I ran out of his place hysterically crying. I couldn’t believe what had just happened. His roommate saw me undressed, crying and believed something else had happened. I didn’t care. I knew what had happened and I just wanted to leave. I ran to my first love’s house hoping for some comfort. I didn’t get any — he didn’t believe me. No one did. My dear friend came home the next day and I told her everything with not a breath in my lungs. Thankfully, she believed me, confronted him and he said, “I don’t know. I may have done that”. She gave him a good slap, but two weeks later, they were both bribing me with Rascal Flatts tickets. I guess the pain of reality was too much for her, or deep down she didn’t believe me either. As sure as the air I breathe, I know what happened that night. God knows what happened that night. I was taken advantage of by someone very close to me.

After years of emotional abuse from my first love, and bullying from the women he left me for, I started to really feel that this was normal. Then, I noticed the dear friend I mentioned above started to have a different aura about her. I couldn’t explain it. She was more peaceful, confident and wise. I was curious as to what had changed. She introduced me to Northland Church. The pastor’s messages really spoke to her heart and it started to change her. She eventually left the man who took advantage of me and is now happily married with kids. Not many people have the heart and good nature she does. I decided to start going to church with her. I prayed God would give be a sign, a burning bush, anything to help me get over my first love and change my life. On the outside, everyone saw a beautiful, happy life — a girl who “had it all”. But on the inside, I was dying.

One night, on the way to church, my dear friend and I were talking about my situation with my first love and how I cannot break the cycle with him. No matter what he did to me or what happened, I couldn’t leave. Family and friends were very concerned. I explained to her, “It feels like I am constantly playing tug of war with God”. I have always heard God’s voice, but I refused to listen. I felt God was pulling one end of the rope saying, “No child, you are not to be with this man,” while I was pulling the other end disobediently replying with, “Yes, yes I will.” When I explained this inner turmoil/battle to my friend, her answer was simple and sweet. “Well, my money is on God.” Thirty minutes later into the service, our pastor says to the hundreds of people in the crowd, “Sometimes you are going to feel like you are playing tug of war with God. Well, brothers and sisters, my money is on God.” The crowd laughed and I just stared in disbelief. I look over at my friend who was looking at me with an expression not of surprise, but of, confirmation. She wasn’t surprised our Almighty Father sent such a profound message that was perfect for me. I left church that night, my faith forever changed.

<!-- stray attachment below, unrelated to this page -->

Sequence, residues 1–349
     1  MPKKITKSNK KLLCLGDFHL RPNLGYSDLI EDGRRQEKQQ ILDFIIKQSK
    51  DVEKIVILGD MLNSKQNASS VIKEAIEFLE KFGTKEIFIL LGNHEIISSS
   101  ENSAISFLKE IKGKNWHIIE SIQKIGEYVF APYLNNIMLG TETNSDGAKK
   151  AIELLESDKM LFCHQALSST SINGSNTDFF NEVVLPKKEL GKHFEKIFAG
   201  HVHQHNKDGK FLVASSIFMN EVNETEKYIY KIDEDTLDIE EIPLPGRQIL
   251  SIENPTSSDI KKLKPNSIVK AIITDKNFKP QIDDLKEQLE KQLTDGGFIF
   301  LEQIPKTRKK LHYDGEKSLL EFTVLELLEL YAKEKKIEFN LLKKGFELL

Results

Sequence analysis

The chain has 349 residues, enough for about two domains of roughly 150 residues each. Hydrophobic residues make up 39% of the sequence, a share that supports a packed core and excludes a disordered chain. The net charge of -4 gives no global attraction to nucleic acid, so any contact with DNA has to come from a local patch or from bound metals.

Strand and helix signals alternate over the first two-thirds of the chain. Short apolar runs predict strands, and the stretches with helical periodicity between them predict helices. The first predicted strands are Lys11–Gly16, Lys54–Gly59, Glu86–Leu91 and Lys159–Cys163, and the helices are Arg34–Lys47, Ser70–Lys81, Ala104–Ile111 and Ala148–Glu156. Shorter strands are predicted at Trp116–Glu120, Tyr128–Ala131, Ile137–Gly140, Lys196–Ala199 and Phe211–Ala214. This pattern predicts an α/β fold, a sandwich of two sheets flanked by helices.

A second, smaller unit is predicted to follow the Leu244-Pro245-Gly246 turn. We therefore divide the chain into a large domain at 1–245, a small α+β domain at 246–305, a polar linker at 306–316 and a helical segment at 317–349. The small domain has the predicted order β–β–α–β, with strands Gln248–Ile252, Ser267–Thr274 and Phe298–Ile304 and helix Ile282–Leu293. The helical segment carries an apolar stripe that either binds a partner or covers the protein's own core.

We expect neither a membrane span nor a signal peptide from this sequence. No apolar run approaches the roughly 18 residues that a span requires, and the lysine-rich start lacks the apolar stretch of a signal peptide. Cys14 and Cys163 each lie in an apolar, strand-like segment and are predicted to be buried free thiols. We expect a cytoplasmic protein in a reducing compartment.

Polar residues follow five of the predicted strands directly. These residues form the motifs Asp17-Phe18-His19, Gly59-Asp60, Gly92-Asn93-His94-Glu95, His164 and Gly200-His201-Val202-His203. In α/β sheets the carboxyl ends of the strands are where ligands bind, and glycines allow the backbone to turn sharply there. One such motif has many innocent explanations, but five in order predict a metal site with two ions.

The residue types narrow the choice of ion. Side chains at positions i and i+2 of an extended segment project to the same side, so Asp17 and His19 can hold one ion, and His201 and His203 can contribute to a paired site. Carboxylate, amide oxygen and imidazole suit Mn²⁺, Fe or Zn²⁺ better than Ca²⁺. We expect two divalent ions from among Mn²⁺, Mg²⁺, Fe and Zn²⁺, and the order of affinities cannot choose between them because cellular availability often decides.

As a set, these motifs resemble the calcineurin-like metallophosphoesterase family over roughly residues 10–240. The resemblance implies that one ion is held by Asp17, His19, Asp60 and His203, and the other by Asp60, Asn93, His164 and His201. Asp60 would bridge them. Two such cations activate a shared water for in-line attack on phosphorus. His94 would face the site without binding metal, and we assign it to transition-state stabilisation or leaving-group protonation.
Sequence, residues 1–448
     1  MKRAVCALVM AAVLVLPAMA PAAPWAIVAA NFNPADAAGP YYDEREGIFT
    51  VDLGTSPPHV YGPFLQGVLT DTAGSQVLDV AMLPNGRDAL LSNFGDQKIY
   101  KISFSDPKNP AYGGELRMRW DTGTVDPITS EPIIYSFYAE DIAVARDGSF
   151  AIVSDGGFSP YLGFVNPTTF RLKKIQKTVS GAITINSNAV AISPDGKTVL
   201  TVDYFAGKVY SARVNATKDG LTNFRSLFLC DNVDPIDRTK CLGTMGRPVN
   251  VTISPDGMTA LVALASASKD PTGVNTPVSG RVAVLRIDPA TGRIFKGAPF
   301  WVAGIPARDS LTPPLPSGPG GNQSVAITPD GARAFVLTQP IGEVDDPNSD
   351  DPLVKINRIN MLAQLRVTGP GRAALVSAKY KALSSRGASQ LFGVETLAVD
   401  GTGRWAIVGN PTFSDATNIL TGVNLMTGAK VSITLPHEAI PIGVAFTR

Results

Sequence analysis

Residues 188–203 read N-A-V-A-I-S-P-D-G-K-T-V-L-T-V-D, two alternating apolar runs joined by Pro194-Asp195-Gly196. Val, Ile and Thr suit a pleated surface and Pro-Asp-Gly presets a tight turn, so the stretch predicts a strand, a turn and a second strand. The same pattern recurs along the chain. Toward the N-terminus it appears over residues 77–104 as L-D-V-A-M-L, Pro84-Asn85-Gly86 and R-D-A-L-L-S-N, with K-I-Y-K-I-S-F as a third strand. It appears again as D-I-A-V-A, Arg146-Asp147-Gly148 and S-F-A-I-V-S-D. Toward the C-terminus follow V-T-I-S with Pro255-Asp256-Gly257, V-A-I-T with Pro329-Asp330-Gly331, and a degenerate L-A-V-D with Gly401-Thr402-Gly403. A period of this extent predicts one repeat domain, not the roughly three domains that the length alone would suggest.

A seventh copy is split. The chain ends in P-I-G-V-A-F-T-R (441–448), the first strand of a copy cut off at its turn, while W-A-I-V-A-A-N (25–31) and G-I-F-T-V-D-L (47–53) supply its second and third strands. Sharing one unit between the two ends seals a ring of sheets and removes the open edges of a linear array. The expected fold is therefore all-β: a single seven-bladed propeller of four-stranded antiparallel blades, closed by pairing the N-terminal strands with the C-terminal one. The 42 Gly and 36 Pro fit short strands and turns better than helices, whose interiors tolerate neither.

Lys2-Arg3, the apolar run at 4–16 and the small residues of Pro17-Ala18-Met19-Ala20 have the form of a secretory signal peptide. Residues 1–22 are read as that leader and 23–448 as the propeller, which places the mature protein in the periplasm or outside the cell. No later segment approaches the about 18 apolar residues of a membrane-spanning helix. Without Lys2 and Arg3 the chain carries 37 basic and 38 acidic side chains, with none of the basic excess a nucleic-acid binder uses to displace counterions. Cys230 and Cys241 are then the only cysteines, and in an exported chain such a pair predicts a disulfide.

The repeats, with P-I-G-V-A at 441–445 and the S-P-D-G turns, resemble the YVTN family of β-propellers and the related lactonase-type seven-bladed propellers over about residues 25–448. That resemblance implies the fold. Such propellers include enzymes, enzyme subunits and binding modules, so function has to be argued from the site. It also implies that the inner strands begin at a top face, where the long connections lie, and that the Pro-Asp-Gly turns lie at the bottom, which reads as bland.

Years went on. My faith was changed, but my heart and self-worth were not. You think I would’ve learned my lesson at this point, but that was not the case. I entered another toxic relationship with a different man. I finally left the first one, but replaced him with a better version of “the drug” I was used to. No one understood it. I was a good girl — I didnt do drugs or cheat. I had a great upbringing, good friends and a wonderful career. But, my biggest weakness caused the biggest heartaches and trapped me in a downward spiral of sin. I chased these men. I chased “the drug”. All the while, my deepest inner desire was to be loved and a part of a healthy, loving, faith-based relationship. To be wooed and swept off my feet. To love a man unconditionally and have that love returned. I was so far from it.

At that moment, it hit me and my world changed. This man I have been dreaming about all my life has been with me this whole time. Jesus. He had been fighting for me over and over for 15 years. He gave me so many outs, second chances and graceful love. I started crying. I couldn’t believe that the One I kept turning my back on and ignoring, was the One who was giving me what I was searching for all this time. To chase and fight for me with unconditional love. Oh, how beautiful that love is. My love story with Jesus reminds me so much of the book of Hosea. I “relapsed” and ignored God so many times. I committed sins that I am certain hurt him. But no matter what, no matter how much time went by, he fought for me. He thought I was worth it. It’s time I started to believe it as well.

I recently ended the toxic, four-year relationship. It’s something I should have done from the beginning, but I am okay with it. My four-year “loss” was truly a gain in that it changed that man and brought him closer to God. It also changed me. It helped me to realize who my true love has been all this time. I couldn’t ask for more. God works in such mysterious ways.

At 28, I can say for the first time that I am truly content. I am confident, and slowly starting to find my self-worth. Ironically, God has placed a man in my life recently who is so different from the others. I believe this is a second chance. I don’t know what will happen, but I am willing to step out in faith and trust God.

I look back at where I’ve been, and where my dear friend was compared to where she is now. Her beautiful life and family, full of faith and love. I’ve learned, contrary to what my type-A personality would like to believe, nothing is perfect. We all have our path, our thorns, our hurts and our victories. It is all part of God’s glorious plan and the only advice I can share is to just let go and let God. The more you choose to ignore God, the more hardened your heart gets. And that’s a dangerous place to be. Your Father will never stop loving you or give up on you. No matter what you’re facing, please remember that. Close your eyes, take a leap of faith and get ready to experience the best love story of your life!